Harness energy resources to reduce poverty – IIED

Developing nations have untapped resources that could enable them to fight poverty, create jobs, gain energy independence and help adapt to climate change, the International Institute for Environment and Development (IIED),has published.

The IIED implored third world countries to take advantage of their dependence on biomass fuels including wood and charcoal and move towards green economies in which the less privilege could benefit from producing sustainable, clean energy.

The IIED report copied to the Ghana News Agency in Tamale on Wednesday noted that, reliance on biomass fuels is set to triple from 10 to 30 per cent of global energy consumption by 2050.

The IIED which is an independent international research organisation, based in the United Kingdom explained that advanced new technologies could be used to convert wood to liquid and gaseous fuel or could produce wood bundles or pellets that could be ‘gasified’ to produce electricity.

“While developed nations are taking this seriously, developing nations are generally lagging behind, and treat biomass energy as traditional and dirty, a health hazard, poverty trap and threat to forests. But the report shows how they can turn their already heavy biomass dependence into an advantage”, it said.

Biomass energy is highly flexible and can be readily converted into all the major energy carriers (heat, electricity, liquid and gas). This means it can meet many of the diverse energy needs: from irrigation pumps and illumination, through agricultural processing and refrigeration to transport and telecommunication.

According to the report, if nations manage their forests and ensure replanting happens in a way that is sensitive to food security needs, biomass can be a renewable and sustainable source of energy. Biomass also produces lower emissions of greenhouse gases than fossil fuels.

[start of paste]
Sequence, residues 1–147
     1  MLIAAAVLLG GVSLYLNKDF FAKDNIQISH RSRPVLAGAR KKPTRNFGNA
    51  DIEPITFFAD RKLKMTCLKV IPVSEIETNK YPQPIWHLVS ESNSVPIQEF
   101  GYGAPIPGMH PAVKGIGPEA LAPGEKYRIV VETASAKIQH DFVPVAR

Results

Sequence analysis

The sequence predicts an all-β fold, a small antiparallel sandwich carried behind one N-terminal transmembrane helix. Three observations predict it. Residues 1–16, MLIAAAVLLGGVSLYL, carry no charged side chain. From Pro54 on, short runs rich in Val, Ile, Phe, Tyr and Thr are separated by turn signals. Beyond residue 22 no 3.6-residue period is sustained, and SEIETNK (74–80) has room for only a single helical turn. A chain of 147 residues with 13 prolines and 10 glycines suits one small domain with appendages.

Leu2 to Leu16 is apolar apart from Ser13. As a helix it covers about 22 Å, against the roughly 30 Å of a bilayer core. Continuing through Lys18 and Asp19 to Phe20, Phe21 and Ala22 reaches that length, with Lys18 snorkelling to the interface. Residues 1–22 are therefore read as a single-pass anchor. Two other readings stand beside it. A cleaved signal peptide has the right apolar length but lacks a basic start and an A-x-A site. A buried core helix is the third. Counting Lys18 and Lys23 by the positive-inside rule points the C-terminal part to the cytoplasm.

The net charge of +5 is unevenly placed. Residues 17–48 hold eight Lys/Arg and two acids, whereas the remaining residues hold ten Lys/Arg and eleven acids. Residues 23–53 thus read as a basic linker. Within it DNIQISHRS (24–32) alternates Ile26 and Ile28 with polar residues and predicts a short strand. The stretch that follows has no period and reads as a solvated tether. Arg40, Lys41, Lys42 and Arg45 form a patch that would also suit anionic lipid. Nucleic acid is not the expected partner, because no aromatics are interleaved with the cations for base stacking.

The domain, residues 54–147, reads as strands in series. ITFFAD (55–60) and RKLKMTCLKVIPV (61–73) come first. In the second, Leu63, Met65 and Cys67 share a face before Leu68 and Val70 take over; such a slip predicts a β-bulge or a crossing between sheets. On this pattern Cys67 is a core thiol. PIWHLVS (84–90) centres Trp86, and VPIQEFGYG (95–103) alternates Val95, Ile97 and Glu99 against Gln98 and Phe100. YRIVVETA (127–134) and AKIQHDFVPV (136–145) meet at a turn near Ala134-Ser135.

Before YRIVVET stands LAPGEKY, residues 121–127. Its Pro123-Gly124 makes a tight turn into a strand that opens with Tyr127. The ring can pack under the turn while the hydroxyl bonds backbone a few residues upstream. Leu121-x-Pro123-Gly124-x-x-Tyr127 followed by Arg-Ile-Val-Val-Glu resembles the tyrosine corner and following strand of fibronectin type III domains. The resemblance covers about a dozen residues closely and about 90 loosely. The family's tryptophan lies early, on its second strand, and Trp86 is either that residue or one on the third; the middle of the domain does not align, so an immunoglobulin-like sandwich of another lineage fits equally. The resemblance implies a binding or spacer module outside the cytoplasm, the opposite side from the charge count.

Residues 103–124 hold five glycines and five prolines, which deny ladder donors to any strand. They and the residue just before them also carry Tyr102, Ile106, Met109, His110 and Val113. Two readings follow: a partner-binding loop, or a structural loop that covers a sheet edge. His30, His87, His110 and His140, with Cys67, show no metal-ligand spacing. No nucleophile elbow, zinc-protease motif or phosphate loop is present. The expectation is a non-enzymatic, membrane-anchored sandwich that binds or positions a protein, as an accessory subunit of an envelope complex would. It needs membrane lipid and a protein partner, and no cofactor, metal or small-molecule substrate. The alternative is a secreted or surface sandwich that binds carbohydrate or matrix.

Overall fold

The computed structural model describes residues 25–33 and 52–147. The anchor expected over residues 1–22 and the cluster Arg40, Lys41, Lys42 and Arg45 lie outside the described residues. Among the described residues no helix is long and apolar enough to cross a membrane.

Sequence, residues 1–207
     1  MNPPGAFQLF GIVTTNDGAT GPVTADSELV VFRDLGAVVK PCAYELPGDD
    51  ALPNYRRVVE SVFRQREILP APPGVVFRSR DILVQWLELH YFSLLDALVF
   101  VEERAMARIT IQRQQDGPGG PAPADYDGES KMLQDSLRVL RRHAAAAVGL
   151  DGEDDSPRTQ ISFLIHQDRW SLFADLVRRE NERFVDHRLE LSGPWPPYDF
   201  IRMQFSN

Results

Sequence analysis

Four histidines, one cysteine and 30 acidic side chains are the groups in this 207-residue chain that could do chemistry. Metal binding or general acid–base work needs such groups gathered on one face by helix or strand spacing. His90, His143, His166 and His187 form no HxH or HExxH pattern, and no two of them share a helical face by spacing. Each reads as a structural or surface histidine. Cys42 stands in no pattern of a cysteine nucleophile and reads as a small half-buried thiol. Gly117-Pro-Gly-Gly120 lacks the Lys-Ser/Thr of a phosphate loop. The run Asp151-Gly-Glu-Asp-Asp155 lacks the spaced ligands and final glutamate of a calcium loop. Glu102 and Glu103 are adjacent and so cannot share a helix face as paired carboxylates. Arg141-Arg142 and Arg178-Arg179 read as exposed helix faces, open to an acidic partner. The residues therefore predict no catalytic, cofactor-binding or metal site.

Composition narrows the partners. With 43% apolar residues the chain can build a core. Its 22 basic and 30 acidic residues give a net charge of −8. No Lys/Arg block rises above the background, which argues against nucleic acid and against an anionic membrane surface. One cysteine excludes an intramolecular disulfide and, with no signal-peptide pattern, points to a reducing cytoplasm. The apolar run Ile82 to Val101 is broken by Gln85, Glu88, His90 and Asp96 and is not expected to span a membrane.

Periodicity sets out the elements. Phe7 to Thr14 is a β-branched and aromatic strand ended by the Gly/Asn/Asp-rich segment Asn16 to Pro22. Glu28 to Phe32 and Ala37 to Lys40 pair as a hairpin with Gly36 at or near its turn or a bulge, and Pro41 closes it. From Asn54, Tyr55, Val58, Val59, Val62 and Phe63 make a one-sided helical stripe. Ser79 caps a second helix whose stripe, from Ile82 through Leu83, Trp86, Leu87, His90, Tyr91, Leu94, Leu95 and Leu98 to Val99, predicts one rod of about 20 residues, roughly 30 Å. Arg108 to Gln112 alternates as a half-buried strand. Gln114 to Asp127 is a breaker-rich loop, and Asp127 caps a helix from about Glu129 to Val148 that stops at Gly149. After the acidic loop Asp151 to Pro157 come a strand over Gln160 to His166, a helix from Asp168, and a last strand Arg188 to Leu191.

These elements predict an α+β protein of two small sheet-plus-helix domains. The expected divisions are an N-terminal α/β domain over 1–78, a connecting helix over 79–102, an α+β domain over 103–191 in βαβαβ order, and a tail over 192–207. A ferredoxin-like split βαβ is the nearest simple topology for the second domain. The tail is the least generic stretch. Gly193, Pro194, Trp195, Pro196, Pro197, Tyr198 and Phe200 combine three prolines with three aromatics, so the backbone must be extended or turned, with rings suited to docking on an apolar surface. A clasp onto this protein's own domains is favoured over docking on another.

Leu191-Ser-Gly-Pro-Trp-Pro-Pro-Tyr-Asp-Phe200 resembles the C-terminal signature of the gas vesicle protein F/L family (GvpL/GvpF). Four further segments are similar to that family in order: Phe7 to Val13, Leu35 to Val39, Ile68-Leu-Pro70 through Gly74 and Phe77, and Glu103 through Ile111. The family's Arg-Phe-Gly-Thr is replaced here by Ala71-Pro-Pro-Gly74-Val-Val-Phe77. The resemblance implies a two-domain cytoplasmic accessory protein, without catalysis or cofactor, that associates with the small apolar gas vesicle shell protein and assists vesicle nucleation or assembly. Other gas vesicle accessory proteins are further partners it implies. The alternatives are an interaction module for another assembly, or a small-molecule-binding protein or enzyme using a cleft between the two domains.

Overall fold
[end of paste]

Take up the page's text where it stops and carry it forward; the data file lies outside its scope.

It said biomass energy was labour intensive across the whole supply chain and could be a source of employment options to reduce poverty, while the potential health hazards could be easily solved by better processing and stove technologies.

Mr. Duncan Macqueen, a senior researcher in IIED’s natural resources group and co-author of the report, said, “Many governments in developing nations dissuade people from burning wood or charcoal as fuel as they think it is backward, but this just criminalises poor people for their energy needs and does little to limit deforestation.

“Instead, government should embrace and legalise biomass fuels as a source of energy and enact policies that make supply chains sustainable.”

He called on developing nations to adopt biomass energy and end any historic prejudices against such fuels to better serve the interest of their countries.

“This will need a new approach that legalises and secures sustainable production by and for the millions of poor people who both produce and depend on biomass for energy,” he said.

Ms Sibel Korhaliller, co-author, said fossil fuels were running out and threatening the global climate in the process suggesting that the only alternative for countries was renewable and sustainable energy.

The report outlines ways for developing nations to enact policies to capitalise on the potential for biomass fuels to tackle climate change and poverty, and create energy security, jobs and sustainable economies.

Source: GNA

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